Recréer une forêt primaire en Europe de l’Ouest, un rêve fou qui questionne les politiques publiques

Recreating a primary forest in Western Europe, a crazy dream that questions public policies

Daniel Behar , University Paris-Est Créteil Val de Marne (UPEC) and Alexandra Locquet , University Paris 1 Panthéon-Sorbonne

The question of a radical reversal of our relationship with nature, centered more on rewilding than on exploitation, is on the agenda – illustrated in particular by the lively debates around the return of wild populations within territories.

Conceived as an alternative to current policies, this concept mobilizes primarily among think tanks and civil society actors.

Relevant to this civic dynamic, the project carried out by the Francis Hallé Association for the Primary Forest , directly challenges public policies regarding their capacity to integrate this perspective of rewilding .

This association wishes to create favorable conditions for the development of a primary (plain) forest of 70,000 hectares in a cross-border area in Western Europe.

Above all citizen initiatives

Since the end of the 2000s, initiatives in favor of wild nature have emerged in Europe . Due to the absence of a common strategy and the diversity of cultural and socio-ecological contexts, different concepts are developed across Europe: rewilding , wild land or even free evolution .

These approaches appear to be new approaches in the field of conservation to contribute to the fight against climate change and the erosion of biodiversity. And they come in several ways: ranging from projects encouraging the reintroduction of natural dynamics via the return of so-called “keystone” species (in Europe, especially large herbivores ), to the principles of non-intervention aimed at “letting it happen nature " .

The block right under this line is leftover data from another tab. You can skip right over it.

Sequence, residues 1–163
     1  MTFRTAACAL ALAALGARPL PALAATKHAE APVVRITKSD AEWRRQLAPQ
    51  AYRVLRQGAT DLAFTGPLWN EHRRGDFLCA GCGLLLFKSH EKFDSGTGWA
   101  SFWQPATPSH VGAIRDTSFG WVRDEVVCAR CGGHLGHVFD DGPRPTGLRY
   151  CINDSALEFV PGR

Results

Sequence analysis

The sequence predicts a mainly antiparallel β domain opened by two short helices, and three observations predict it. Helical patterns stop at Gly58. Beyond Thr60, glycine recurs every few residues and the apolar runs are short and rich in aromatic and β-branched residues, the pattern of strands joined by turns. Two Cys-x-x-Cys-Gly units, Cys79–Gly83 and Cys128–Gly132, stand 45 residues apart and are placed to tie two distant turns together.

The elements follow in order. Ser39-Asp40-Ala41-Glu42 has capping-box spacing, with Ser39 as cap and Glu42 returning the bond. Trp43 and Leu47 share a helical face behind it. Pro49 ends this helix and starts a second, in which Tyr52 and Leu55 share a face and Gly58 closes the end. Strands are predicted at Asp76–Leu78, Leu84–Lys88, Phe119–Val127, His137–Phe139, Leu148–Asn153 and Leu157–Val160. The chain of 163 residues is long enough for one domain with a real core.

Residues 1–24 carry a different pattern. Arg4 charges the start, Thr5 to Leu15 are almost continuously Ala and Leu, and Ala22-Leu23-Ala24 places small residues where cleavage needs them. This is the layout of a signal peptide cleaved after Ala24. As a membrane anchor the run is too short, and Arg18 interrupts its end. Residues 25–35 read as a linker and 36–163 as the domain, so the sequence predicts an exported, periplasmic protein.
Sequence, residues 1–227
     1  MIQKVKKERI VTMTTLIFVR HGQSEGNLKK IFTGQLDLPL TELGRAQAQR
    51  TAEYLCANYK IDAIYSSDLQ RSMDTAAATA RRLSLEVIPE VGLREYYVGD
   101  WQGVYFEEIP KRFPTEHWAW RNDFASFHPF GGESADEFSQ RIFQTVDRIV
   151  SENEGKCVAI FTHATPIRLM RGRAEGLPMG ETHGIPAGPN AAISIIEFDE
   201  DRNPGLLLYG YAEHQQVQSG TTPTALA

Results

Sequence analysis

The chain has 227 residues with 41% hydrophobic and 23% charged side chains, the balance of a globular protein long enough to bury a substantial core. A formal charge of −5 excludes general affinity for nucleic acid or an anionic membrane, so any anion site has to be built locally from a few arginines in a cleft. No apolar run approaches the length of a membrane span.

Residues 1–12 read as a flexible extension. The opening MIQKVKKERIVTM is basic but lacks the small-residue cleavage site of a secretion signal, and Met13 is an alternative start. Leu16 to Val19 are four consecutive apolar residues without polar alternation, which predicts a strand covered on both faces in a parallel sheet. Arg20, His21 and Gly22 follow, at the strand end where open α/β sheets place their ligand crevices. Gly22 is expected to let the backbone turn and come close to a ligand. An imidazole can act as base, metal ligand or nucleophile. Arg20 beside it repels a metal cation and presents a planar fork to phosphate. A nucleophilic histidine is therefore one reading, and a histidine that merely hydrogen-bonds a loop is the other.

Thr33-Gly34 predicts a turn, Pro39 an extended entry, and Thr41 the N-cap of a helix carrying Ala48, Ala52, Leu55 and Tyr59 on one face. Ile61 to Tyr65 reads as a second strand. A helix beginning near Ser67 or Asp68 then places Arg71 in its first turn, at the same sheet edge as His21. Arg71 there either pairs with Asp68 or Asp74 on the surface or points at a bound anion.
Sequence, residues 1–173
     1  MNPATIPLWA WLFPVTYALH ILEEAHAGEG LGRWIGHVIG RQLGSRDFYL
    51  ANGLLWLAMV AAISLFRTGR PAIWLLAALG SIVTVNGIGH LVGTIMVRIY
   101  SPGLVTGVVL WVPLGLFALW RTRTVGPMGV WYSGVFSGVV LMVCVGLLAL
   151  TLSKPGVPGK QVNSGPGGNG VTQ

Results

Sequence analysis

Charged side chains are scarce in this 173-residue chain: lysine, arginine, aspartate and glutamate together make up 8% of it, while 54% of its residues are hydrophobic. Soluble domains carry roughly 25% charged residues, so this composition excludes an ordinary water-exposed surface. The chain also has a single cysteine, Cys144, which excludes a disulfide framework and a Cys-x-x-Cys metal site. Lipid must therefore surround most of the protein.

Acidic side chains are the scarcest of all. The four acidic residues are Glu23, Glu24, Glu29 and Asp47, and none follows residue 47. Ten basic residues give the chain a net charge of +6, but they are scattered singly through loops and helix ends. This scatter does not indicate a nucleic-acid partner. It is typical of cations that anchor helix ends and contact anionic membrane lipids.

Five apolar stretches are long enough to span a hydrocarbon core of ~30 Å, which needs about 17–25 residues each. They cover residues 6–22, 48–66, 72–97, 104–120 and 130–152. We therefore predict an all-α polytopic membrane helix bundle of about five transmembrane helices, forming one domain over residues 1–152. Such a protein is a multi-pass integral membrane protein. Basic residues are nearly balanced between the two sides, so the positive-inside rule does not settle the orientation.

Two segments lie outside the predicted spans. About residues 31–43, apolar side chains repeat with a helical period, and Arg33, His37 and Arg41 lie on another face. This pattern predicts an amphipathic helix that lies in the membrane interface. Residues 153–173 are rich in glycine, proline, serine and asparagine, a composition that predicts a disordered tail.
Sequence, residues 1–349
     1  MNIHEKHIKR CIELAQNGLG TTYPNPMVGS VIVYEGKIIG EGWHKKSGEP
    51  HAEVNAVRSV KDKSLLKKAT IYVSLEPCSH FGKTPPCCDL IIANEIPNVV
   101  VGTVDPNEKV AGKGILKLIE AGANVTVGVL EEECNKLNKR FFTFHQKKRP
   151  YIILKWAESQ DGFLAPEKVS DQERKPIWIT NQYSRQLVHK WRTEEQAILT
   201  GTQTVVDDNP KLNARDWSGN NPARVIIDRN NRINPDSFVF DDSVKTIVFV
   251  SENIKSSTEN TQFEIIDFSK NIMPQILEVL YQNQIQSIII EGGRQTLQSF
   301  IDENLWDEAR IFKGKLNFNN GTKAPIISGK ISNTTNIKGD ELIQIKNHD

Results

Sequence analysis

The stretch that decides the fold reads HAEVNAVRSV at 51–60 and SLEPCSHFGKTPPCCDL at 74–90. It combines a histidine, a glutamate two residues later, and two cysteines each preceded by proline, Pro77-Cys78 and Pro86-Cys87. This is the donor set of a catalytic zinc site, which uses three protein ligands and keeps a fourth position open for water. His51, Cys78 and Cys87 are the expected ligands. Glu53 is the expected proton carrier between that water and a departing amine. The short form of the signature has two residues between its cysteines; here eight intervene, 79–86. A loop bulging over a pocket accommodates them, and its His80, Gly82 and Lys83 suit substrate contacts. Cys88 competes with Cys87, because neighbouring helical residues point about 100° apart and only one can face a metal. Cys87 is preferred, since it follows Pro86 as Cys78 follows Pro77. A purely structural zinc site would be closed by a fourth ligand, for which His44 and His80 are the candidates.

Unlike interventionist nature management practices, these initiatives intend to develop spontaneous processes in ecosystems. The objective here is to find a higher level of naturalness, understood as the quality of an ecosystem, characterized by the degree of ecological integrity varying according to the intensity of anthropogenic interference.

Primary forest in Colombia. Nolwenn Jaumouille

In France, free evolution is booming

In France, it is above all the concept of free evolution, attached to forest environments , which is mobilized. Without ignoring the impact of past human activities, free evolution encourages the return of dynamics in environments that have suffered anthropogenic disturbances.

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Free evolution is integrated into multidisciplinary reflections and provokes debates of an ethical, cultural , political and scientific nature, and is gaining more and more momentum in the world of nature conservation in France.

Rewilding strategies in Europe arouse the interest of various stakeholders (scientists, environmental managers, civil society), as shown by the multiplicity of initiatives developed. These projects are mainly carried out by associations or private actors, whatever the scale considered (European, national, local).

Another governance of nature?

In the absence of specific strategies and tools to promote wilderness areas, stakeholders deploy their own approaches. We can distinguish those aiming to define and promote concepts and those using a diversity of “management” devices in a given space (contract systems, conventions, land control).

For example, in the French context of the logic of free evolution, it is possible to differentiate the organizations working on the definition and promotion of the concept ( IUCN France , CLE ); and those developing projects in given spaces – mainly on small, very localized areas – ( ASPAS , CEN ( PRELE , SYLVAE ), FRENE network).

The support of these initiatives by non-institutional actors contributes to rethinking modes of governance of nature by decentralizing decision-making and distributing responsibilities. Wilderness then becomes the object of alternative citizen initiatives, outside the framework and standards induced by public policies.

A crazy project

At first glance, the project for the rebirth of a primary forest in Western Europe, as supported by Francis Hallé and the eponymous association, is part of a similar perspective, both in substance – free evolution – and in form, an initiative emanating from civil society.

But its territorial scale ( at least 70,000 hectares of protected area, in a cross-border area) changes its nature. The realization of such a project requires the agreement and intervention of public authorities at all levels, from local to Europe: land, regulations, various compensations, etc.